Where this was not initially possible, in a transition phase the raw data from the specialized applications was converted into AFP files using a separate application – a tedious process because the workflow for accepting the raw data had to be manually programmed for each application. During later restructuring, PDF was gradually implemented in all locations.
There was no central output instance
DocBridge Pilot accepts the PDF files, prepares them appropriately and converts them into AFP, the standard format for bulk printing. The Compart software also assigns the mailing to the appropriate postage classes. Correspondence without a zip code is automatically weeded out. The documents designated for dispatch are then sent to production via the Ricoh Process Director (RPD), control software for printing and correspondence creation, where they are also placed in envelopes, stamped, and ultimately picked up by the postal provider.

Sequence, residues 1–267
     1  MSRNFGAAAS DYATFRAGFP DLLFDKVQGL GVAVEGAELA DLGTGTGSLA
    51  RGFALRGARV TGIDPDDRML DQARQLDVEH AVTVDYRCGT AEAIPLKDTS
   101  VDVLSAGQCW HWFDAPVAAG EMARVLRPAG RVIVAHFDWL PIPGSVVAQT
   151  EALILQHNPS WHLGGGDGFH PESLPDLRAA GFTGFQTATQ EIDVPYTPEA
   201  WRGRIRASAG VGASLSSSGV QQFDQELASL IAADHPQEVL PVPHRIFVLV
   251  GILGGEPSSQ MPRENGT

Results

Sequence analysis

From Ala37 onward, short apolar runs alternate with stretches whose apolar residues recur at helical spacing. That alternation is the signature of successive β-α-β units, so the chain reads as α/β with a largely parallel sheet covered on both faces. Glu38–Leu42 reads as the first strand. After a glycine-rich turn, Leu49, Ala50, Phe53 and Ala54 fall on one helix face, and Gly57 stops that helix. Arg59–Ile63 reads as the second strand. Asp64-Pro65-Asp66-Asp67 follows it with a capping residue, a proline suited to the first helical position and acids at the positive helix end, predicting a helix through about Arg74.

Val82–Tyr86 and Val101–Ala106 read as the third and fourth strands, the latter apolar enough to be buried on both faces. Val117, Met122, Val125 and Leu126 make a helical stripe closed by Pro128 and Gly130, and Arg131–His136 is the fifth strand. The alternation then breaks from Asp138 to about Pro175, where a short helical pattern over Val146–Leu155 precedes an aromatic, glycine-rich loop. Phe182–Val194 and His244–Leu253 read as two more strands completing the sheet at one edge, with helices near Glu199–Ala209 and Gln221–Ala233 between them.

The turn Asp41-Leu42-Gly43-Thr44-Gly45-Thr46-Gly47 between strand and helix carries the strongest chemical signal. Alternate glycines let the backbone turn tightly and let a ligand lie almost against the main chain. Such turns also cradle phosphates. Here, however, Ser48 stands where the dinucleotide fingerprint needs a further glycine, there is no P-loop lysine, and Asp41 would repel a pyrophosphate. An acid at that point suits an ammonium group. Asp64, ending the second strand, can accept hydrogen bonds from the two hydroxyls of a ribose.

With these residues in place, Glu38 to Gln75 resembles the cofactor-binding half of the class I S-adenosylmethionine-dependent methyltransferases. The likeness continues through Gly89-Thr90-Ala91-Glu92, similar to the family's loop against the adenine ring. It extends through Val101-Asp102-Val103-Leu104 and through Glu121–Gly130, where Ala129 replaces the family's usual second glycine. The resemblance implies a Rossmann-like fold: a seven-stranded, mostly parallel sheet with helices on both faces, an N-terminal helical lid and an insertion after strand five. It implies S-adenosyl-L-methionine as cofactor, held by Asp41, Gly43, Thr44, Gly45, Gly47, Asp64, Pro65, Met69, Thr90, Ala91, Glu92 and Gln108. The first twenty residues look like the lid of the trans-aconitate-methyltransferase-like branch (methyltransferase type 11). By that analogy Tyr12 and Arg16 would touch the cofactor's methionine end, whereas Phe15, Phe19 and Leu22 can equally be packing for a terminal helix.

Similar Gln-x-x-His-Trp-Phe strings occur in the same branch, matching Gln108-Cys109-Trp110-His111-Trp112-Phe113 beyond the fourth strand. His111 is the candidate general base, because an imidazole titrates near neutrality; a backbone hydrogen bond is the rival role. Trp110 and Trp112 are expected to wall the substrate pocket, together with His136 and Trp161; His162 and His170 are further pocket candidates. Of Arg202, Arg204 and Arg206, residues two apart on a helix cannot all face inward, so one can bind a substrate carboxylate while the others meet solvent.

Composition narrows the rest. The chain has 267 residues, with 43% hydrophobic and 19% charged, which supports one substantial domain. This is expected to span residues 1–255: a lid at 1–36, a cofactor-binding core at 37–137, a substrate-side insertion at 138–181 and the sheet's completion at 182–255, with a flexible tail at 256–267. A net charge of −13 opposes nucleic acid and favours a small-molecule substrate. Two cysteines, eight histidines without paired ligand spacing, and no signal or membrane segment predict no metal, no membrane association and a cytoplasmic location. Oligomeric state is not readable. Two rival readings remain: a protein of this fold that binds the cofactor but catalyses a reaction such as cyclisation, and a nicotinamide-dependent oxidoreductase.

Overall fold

The Ricoh solution in combination with DocBridge Pilot is also able to split high-volume jobs and distribute them to various machines based on their capacity. Kiruna regularly has to handle extremely large AFP files that usually cannot be processed on a single printer. Splitting of an individual AFP file into several smaller ones is therefore an important feature for Polismyndigheten output management.
The categories (dispatch types) include:
- A-Post (traditional letter: next-day delivery)
- B-Post (traditional letter: send within five days)
- Correspondence from the Justice Department/public prosecutor’s office (Aklagaren)
- Customs (Tullen)
- Protected persons/anonymous mailings (Skyddad)
- Registered mail (Rek)
- Foreign (Utland)
A great deal of discussion surrounded the classification, as well as such questions as:
- In what formats are the raw data from the specialized applications?
- In what format should the documents be handed over to the output management system (OMS)?
- What delivery categories are necessary?
The discussion was always carried out in close cooperation with the departments.